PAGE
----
6sense has paved the way for predictive models in account-based sales and marketing since we were founded in 2013, and in recent years we’ve skyrocketed to the top of the class — having been recognized as a leader in The Forrester Wave™: Predictive Marketing Analytics for B2B Marketers, Q2 2017; The Forrester Wave™, B2B Customer Analytics, Q1 2019; The Forrester New Wave™: ABM Platforms, Q2 2020; 6sense Named a Leader in The Forrester New Wave™: ABM Platforms, Q1 2022 and in seven different G2 Grid® reports, including Account-Based Advertising.
While most ABM vendors didn’t start out with a foundation in predictive models, AI and machine learning have been a core part of the 6sense Account Engagement Platform since our inception. Whereas many vendors started with basic advertising capabilities, we began at the intersection of intent signals, account identification, and predictive analytics, and then spent the last five years layering native advertising, sales intelligence, and orchestration capabilities on top of our predictive foundation.
Some ABM vendors are finally catching onto the importance of predictive models, but our head start in the predictive space continues to give our customers a competitive advantage. We have a patented approach to delivering AI-driven predictions, and our predictive models help B2B businesses understand not just who to target (down to the contact level), but also why, when, and how to engage, acquire, and retain accounts — without guesswork or cutting corners. 6sense also provides out-of-the-box reporting on how our predictive scores are driving pipeline and revenue compared to a customer’s historical data.
Here we’ll take a deeper dive into each of our five primary predictive models and why they’re essential for scaling an account-based sales and marketing strategy, and we’ll also touch on some of the other ways that AI powers the 6sense Account Engagement Platform.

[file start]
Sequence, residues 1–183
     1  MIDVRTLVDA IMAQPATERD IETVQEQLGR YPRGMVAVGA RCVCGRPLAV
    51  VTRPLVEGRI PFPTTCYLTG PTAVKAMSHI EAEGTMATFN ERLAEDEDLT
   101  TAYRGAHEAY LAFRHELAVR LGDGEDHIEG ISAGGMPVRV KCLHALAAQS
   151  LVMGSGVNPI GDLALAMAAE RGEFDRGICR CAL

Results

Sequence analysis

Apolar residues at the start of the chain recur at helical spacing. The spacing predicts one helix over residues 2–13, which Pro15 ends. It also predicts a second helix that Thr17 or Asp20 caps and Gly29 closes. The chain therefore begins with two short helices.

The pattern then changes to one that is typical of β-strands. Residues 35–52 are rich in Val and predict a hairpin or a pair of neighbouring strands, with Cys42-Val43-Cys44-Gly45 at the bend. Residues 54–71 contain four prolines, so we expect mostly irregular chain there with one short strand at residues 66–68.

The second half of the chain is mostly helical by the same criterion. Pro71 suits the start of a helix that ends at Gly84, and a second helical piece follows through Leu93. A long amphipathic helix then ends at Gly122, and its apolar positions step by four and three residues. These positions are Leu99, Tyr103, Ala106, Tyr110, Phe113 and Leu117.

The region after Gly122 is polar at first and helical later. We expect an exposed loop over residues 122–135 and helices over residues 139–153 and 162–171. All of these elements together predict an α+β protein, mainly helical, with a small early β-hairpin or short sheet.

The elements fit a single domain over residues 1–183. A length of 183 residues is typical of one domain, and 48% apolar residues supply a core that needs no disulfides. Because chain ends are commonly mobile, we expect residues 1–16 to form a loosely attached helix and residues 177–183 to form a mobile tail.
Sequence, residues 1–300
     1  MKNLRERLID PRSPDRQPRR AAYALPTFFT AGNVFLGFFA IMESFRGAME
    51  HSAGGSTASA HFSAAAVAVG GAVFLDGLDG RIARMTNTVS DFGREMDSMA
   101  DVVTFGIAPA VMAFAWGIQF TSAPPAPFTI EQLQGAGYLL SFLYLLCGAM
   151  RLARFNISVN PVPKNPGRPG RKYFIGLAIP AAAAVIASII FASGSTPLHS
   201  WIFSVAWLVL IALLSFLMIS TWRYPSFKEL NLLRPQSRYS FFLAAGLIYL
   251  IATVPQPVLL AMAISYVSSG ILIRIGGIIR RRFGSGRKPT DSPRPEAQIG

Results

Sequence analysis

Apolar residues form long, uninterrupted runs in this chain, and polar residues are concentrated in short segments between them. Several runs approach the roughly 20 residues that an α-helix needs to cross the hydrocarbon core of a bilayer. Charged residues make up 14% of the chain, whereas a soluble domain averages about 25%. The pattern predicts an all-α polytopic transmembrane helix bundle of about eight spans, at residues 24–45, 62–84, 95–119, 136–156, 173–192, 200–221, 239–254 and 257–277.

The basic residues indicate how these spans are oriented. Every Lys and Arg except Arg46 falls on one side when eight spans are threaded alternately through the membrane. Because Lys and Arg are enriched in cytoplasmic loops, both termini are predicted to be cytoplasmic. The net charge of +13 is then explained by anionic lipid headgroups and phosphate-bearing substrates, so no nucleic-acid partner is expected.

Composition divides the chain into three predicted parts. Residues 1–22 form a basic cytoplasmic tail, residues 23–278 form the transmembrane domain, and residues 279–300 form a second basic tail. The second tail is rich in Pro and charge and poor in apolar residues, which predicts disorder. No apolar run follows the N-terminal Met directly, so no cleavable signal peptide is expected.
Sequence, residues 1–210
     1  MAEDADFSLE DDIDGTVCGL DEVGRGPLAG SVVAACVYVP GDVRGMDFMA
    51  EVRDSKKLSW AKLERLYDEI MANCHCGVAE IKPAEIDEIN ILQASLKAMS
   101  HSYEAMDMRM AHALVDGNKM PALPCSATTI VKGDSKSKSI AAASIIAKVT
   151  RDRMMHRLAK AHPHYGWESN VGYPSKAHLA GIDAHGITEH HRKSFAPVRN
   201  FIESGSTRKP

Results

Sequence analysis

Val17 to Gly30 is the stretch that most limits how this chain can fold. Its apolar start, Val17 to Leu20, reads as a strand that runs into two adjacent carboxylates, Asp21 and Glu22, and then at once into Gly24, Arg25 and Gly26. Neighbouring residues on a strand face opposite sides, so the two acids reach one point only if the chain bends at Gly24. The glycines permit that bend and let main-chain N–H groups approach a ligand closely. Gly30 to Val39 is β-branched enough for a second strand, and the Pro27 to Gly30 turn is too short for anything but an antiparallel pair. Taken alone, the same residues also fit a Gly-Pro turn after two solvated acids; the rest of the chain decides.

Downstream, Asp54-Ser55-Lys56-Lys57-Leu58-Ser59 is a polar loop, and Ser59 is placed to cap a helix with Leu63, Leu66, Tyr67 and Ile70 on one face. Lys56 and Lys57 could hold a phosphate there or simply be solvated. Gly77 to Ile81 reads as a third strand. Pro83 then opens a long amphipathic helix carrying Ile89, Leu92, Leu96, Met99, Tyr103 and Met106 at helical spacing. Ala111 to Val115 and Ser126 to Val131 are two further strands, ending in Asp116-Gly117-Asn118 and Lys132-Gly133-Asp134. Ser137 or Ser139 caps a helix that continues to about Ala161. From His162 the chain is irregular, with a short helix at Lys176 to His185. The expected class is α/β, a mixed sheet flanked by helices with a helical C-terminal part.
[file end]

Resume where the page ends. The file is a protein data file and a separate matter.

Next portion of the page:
Predictive Model #1: Account Fit
Good things come to those who wait… but great things come to those who uncover their true ideal customer profile (ICP). Most revenue teams have an idea as to who their target market is on paper, but that often excludes whole segments that are relevant to their business — or includes accounts that actually aren’t an ideal fit. That’s where our account fit model comes in: predicting the accounts that are truly an ICP fit based on your sales and marketing data, not a whiteboarding session between sales and marketing.
As we’ve seen with hundreds of customers, this model uncovers accounts that are an ICP fit yet had gone unseen and unengaged in the past. That’s what we refer to as “finding the whitespace” to reveal the total addressable market (TAM) of accounts you could sell to, and this is the first step in determining the audiences you want to engage. This model produces both a numeric score (i.e., 1-100) and a classification (i.e., a strong, moderate, or weak fit), both of which can be used for building audiences of accounts for analysis and campaigns or outreach. And like all of our predictive models, it continually learns, so it adapts as your product, market, and buyers change and evolve over time.
Predictive Model #2: Contact Fit
The larger the organization, the more people there are to sort through to find the buyers for your products or solutions. Another reason historical data is important to our approach to predictive modeling is because it enables us to understand who the most important contacts are within an account. For instance, at 6sense, we generally sell to sales and marketing personas; if we see that someone in IT is visiting our pages and engaging with our content, our contact fit model knows from our historical data that they’re not typically an important persona for us.
This model looks at historical data to determine the most important contacts in typical deal cycles, and then maps out the contacts in the buying center within an account, whether it be a small, mid-size, or larger business. It tells us what personas are most relevant and whether contacts that align to these personas exist in CRM or marketing automation (MAP). And because this model takes 6sense’s master company dataset into consideration when mapping the buying center, it can also identify where you have gaps in the buying center within your systems of record. For example, the model can determine if there are five people with VP-level titles within marketing at an account and flag that you only have one of these contacts in your database. With this information, your sellers can find the missing contacts via sources like LinkedIn Navigator, or 6sense can trigger an orchestration play to automatically acquire those contacts from third-party sources.